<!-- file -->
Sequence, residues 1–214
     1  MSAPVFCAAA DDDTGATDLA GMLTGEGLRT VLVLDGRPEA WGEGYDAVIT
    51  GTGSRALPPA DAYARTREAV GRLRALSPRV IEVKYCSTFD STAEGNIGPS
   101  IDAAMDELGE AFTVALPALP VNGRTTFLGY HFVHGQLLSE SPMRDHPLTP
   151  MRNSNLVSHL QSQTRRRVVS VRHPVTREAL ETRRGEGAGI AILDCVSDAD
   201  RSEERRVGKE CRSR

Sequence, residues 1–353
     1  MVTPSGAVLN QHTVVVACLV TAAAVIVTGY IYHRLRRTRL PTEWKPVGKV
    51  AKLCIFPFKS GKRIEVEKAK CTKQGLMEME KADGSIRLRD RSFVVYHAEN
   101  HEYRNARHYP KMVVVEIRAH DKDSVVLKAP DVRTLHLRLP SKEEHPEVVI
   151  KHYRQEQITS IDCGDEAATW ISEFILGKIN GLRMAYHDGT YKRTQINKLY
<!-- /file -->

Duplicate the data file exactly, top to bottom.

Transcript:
Sequence, residues 1–214
     1  MSAPVFCAAA DDDTGATDLA GMLTGEGLRT VLVLDGRPEA WGEGYDAVIT
    51  GTGSRALPPA DAYARTREAV GRLRALSPRV IEVKYCSTFD STAEGNIGPS
   101  IDAAMDELGE AFTVALPALP VNGRTTFLGY HFVHGQLLSE SPMRDHPLTP
   151  MRNSNLVSHL QSQTRRRVVS VRHPVTREAL ETRRGEGAGI AILDCVSDAD
   201  RSEERRVGKE CRSR

Sequence, residues 1–353
     1  MVTPSGAVLN QHTVVVACLV TAAAVIVTGY IYHRLRRTRL PTEWKPVGKV
    51  AKLCIFPFKS GKRIEVEKAK CTKQGLMEME KADGSIRLRD RSFVVYHAEN
   101  HEYRNARHYP KMVVVEIRAH DKDSVVLKAP DVRTLHLRLP SKEEHPEVVI
   151  KHYRQEQITS IDCGDEAATW ISEFILGKIN GLRMAYHDGT YKRTQINKLY